In this paper, I will argue that the agnostic decision-maker may find himself in a Newcomb-type situation concerning the doctrine of Roman Catholicism. Consequently, if the agnostic wishes to decide according to the causal decision theory, he should refrain from living the Christian life, but if he follows the evidential decision theory, he should follow the Catholic life guidance. In the argument, I have cast the role of Newcomb’s predictive machine as Divine omniscience.
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  37. Digital Theology: Is the Resurrection Virtual?Eric Steinhart - 2012 - In Morgan Luck (ed.), A Philosophical Exploration of New and Alternative Religious Movements. Farnham, UK: Ashgate. pp. 133 - 152.
    Many recent writers have developed a rich system of theological concepts inspired by computers. This is digital theology. Digital theology shares many elements of its eschatology with Christian post-millenarianism. It promises a utopian perfection via technological progress. Modifying Christian soteriology, digital theology makes reference to four types of immortality. I look critically at each type. The first involves transferring our minds from our natural bodies to superior computerized bodies. The second and third types involve bringing into being (...)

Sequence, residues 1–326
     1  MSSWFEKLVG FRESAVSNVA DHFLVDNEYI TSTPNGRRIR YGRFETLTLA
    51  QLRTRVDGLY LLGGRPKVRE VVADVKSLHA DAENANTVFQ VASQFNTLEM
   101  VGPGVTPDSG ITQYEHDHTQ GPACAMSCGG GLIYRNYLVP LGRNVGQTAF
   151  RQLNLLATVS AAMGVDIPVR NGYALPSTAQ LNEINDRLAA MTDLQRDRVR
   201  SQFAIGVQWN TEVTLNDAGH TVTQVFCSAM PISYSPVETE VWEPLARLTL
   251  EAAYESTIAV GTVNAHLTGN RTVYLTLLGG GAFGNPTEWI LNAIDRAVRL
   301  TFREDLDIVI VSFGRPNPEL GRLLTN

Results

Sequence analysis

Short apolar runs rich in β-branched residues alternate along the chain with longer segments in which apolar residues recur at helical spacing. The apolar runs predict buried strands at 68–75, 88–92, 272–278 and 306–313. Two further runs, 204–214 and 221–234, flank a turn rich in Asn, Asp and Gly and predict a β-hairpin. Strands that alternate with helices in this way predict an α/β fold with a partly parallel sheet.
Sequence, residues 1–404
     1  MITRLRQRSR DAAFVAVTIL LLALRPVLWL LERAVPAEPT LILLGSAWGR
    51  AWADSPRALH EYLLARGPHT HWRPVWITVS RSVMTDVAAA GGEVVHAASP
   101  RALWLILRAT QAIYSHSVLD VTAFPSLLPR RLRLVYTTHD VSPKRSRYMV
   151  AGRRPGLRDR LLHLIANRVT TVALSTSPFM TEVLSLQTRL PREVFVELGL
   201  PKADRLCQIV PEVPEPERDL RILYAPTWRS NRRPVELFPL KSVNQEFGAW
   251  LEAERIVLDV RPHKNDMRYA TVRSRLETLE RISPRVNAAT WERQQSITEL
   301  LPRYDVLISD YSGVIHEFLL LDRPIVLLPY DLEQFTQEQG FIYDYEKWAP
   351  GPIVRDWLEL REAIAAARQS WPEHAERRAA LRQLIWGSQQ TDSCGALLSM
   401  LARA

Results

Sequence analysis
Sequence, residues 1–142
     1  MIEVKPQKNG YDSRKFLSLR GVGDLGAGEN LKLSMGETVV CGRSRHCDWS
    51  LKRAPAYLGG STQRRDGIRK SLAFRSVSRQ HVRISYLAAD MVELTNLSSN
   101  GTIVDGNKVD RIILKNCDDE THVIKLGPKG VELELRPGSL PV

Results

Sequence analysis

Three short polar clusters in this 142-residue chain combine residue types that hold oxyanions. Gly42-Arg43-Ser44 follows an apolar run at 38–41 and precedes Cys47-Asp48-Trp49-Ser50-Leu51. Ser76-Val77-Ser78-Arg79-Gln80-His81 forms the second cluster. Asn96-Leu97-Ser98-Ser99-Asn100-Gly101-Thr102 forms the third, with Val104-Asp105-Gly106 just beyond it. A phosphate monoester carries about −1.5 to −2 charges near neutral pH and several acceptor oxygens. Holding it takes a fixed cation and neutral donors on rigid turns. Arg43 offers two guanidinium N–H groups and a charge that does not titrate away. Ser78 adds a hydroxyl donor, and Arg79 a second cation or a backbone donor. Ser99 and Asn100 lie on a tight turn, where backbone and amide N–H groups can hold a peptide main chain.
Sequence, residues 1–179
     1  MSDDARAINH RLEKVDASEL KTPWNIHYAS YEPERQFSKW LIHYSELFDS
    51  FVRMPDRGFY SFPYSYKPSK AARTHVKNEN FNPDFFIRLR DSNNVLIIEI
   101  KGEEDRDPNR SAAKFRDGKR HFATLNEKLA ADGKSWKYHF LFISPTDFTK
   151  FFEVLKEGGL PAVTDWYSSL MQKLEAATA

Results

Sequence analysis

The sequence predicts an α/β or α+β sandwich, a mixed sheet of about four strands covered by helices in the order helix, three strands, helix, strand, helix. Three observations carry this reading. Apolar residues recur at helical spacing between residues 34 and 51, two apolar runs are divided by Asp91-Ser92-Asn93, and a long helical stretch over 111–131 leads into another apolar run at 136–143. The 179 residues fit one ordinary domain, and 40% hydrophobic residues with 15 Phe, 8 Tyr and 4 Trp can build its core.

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  38. Theological Fatalism as an Aporetic Problem.David P. Hunt - 2017 - In Free Will and Classical Theism: The Significance of Freedom in Perfect Being Theology. Oxford: Oxford University Press. pp. 23-41.
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  39. Toward Analytic Theology: An Itinerary.Georg Gasser - 2015 - Scientia et Fides 3 (2):23-56.